By Published On: 10/05/20223 min read
  • Part 1: What a smart and humanistic approach to digital identity would like
  • Part 2: The Trust Triangle — the system of issuers, holders, and verifiers that illustrates how identity works (and how it’s broken, today)
  • Part 3: Why the ID Wallet is the first step toward achieving a new vision for digital identity
  • Part 4: Why every company is an identity company
  • Part 5: What is Bring Your Own Identity?
  • Part 6: Reusable Identity

Historically, our digital identities have been based on what we know.

Do you know your username, email, and password? Then you can log in.

Do you know your social security number, home address, and mother’s maiden name? Then you can sign up for the service.

You can probably see why this is a problematic way to deal with something as important as your identity. If someone nefarious finds out what you know, not only could they access your existing accounts, they could open up new ones in your name. With data breaches on the rise at a mammoth scale, that proposition becomes likelier by the day.

Anyone who has had their identity stolen knows just how painful the process of getting things back in order can be. For some, it unfortunately becomes a lifelong pursuit.

A much more secure way for managing our digital identities is to base it on what we have.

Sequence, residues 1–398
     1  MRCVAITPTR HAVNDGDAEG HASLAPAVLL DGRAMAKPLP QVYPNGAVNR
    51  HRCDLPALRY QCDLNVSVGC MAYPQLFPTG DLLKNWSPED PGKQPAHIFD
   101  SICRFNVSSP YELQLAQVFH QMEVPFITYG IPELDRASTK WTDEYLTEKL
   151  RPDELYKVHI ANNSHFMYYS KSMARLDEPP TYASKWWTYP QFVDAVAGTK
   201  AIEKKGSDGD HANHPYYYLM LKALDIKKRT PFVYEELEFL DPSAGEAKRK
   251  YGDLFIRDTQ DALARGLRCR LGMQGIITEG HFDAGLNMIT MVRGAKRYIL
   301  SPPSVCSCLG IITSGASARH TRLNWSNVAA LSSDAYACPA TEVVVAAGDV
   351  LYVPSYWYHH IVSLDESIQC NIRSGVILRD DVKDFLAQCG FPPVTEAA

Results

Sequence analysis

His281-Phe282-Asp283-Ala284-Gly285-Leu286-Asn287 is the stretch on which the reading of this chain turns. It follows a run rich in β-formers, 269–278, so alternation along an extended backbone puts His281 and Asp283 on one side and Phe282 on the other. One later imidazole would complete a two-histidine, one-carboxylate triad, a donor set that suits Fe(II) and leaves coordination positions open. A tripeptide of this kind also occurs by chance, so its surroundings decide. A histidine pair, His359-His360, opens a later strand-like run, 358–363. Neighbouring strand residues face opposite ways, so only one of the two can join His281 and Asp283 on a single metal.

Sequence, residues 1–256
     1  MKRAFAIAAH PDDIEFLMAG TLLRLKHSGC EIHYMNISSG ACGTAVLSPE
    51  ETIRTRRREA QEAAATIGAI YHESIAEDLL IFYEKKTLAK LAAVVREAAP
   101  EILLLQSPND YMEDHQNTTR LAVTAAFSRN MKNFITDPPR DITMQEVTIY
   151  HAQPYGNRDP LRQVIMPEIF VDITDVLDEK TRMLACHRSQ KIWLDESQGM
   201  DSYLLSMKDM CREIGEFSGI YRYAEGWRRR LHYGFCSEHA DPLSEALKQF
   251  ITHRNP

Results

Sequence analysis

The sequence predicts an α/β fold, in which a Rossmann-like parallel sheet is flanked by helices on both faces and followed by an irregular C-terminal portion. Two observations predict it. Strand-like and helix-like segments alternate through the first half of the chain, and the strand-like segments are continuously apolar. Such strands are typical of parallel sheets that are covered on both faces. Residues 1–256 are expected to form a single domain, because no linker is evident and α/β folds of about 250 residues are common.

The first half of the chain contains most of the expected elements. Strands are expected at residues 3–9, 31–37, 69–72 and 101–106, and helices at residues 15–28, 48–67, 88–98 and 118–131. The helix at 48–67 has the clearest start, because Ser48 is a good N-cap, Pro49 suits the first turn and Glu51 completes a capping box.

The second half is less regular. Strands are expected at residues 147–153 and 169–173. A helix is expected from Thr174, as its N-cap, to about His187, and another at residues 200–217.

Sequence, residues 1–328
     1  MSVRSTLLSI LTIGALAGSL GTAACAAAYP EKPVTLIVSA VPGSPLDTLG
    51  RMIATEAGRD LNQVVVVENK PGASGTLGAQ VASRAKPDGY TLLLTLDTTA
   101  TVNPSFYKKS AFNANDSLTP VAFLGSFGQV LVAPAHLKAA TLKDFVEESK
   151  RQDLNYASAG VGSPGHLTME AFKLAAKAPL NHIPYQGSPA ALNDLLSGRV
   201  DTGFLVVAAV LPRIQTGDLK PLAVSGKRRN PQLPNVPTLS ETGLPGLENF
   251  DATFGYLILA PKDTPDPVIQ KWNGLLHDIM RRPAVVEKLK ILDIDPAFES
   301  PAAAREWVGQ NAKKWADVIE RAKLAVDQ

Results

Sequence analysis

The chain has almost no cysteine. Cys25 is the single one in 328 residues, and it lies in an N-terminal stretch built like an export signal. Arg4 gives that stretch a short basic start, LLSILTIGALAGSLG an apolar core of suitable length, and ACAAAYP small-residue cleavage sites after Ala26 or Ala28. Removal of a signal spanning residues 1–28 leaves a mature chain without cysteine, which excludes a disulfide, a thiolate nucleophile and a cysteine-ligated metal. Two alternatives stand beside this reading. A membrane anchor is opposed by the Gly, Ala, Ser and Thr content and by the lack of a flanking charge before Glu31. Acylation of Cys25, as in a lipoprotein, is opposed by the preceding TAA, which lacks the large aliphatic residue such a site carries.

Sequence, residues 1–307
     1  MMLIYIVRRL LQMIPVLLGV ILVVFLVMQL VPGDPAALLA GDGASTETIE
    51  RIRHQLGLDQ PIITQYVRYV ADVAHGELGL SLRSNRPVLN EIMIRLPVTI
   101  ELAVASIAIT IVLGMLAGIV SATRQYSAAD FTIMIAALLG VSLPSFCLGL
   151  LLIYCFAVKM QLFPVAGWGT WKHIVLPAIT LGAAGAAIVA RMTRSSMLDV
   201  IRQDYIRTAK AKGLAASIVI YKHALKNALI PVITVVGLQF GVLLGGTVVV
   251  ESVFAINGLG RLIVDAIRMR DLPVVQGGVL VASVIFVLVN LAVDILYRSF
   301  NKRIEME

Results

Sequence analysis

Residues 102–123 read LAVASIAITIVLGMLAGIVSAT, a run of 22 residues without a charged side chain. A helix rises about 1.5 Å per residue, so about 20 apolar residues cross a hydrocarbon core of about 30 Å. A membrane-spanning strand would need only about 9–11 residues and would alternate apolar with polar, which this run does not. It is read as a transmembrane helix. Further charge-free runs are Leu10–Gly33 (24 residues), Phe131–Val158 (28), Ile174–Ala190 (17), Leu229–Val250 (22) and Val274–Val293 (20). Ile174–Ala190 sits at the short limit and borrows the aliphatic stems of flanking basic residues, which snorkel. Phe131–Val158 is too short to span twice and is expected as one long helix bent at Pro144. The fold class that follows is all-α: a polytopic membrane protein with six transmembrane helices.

For instance, do you have access to your smartphone?

It’s immediately clear why such a framework is far more secure than the former. Wouldbe criminals would need to physically have your phone in their possession. They’d also need a way to get in — a tough ask if you have a PIN or fingerprint security set up. That’s something that might be possible for the FBI but likely outside the wheelhouse of most fraudsters.

Traditional digital identities still based on what we know have gotten the memo. It’s why two-factor authentication is highly recommended if you want to keep your accounts secure. Now, it’s also about what you have.

But that transition is still only a half measure.

Eventually, it makes sense to shift toward a completely device-based identity. That way, your sensitive personal data is stored locally on your own device rather than hosted on some company’s server that becomes a target for hackers.

With device-based identity, you’re in complete control of your data as well as your private keys.

This also opens the door for additional features that should become commonplace in the future such as identity portability and reusability.

We’ll be able to bring our identities with us from one service to the next. The reputation and social connections you create on one platform will be easily transferable if you ever decide to venture elsewhere.

We’ll also be able to verify our identities once and never again, re-using that verified identity for any additional services we sign up for. That minimizes the amount of data we share with other parties while still allowing businesses to trust who their customers are who they say they are.

Best of all, it reduces friction for everyone. No more selfies. No more taking photos of your passport. Set up your identity once, and you’re good to go.

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Subscribe to the GlobaliD blog for the latest news on identity, web3, fintech, regulation, and more.

By Published On: 10/05/20223 min read